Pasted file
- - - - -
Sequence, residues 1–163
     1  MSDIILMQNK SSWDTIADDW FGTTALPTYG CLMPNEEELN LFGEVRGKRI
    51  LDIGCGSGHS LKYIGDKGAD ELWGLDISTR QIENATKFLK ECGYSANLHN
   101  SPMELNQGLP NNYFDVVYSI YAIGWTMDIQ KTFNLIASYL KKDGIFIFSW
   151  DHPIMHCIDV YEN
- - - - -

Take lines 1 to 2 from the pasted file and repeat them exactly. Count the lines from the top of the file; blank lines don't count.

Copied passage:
Sequence, residues 1–163
     1  MSDIILMQNK SSWDTIADDW FGTTALPTYG CLMPNEEELN LFGEVRGKRI